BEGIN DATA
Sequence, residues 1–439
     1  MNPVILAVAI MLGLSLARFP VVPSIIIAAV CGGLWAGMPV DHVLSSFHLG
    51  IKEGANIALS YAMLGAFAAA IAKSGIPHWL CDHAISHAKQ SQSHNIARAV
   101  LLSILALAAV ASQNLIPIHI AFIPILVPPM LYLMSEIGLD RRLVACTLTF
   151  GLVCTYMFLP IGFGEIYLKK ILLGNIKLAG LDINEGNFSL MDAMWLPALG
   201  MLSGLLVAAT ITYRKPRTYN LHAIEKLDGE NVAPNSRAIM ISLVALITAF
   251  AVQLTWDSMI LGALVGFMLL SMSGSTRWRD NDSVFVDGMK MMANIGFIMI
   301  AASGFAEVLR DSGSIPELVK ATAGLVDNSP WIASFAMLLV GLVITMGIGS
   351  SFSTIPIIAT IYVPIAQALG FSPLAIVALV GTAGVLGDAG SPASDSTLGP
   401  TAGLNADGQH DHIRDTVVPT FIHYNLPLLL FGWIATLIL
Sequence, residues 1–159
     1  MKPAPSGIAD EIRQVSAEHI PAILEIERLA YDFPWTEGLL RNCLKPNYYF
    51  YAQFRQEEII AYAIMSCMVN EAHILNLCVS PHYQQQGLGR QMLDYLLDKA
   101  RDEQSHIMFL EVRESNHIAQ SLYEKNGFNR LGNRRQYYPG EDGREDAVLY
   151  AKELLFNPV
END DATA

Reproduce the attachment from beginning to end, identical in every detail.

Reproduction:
Sequence, residues 1–439
     1  MNPVILAVAI MLGLSLARFP VVPSIIIAAV CGGLWAGMPV DHVLSSFHLG
    51  IKEGANIALS YAMLGAFAAA IAKSGIPHWL CDHAISHAKQ SQSHNIARAV
   101  LLSILALAAV ASQNLIPIHI AFIPILVPPM LYLMSEIGLD RRLVACTLTF
   151  GLVCTYMFLP IGFGEIYLKK ILLGNIKLAG LDINEGNFSL MDAMWLPALG
   201  MLSGLLVAAT ITYRKPRTYN LHAIEKLDGE NVAPNSRAIM ISLVALITAF
   251  AVQLTWDSMI LGALVGFMLL SMSGSTRWRD NDSVFVDGMK MMANIGFIMI
   301  AASGFAEVLR DSGSIPELVK ATAGLVDNSP WIASFAMLLV GLVITMGIGS
   351  SFSTIPIIAT IYVPIAQALG FSPLAIVALV GTAGVLGDAG SPASDSTLGP
   401  TAGLNADGQH DHIRDTVVPT FIHYNLPLLL FGWIATLIL
Sequence, residues 1–159
     1  MKPAPSGIAD EIRQVSAEHI PAILEIERLA YDFPWTEGLL RNCLKPNYYF
    51  YAQFRQEEII AYAIMSCMVN EAHILNLCVS PHYQQQGLGR QMLDYLLDKA
   101  RDEQSHIMFL EVRESNHIAQ SLYEKNGFNR LGNRRQYYPG EDGREDAVLY
   151  AKELLFNPV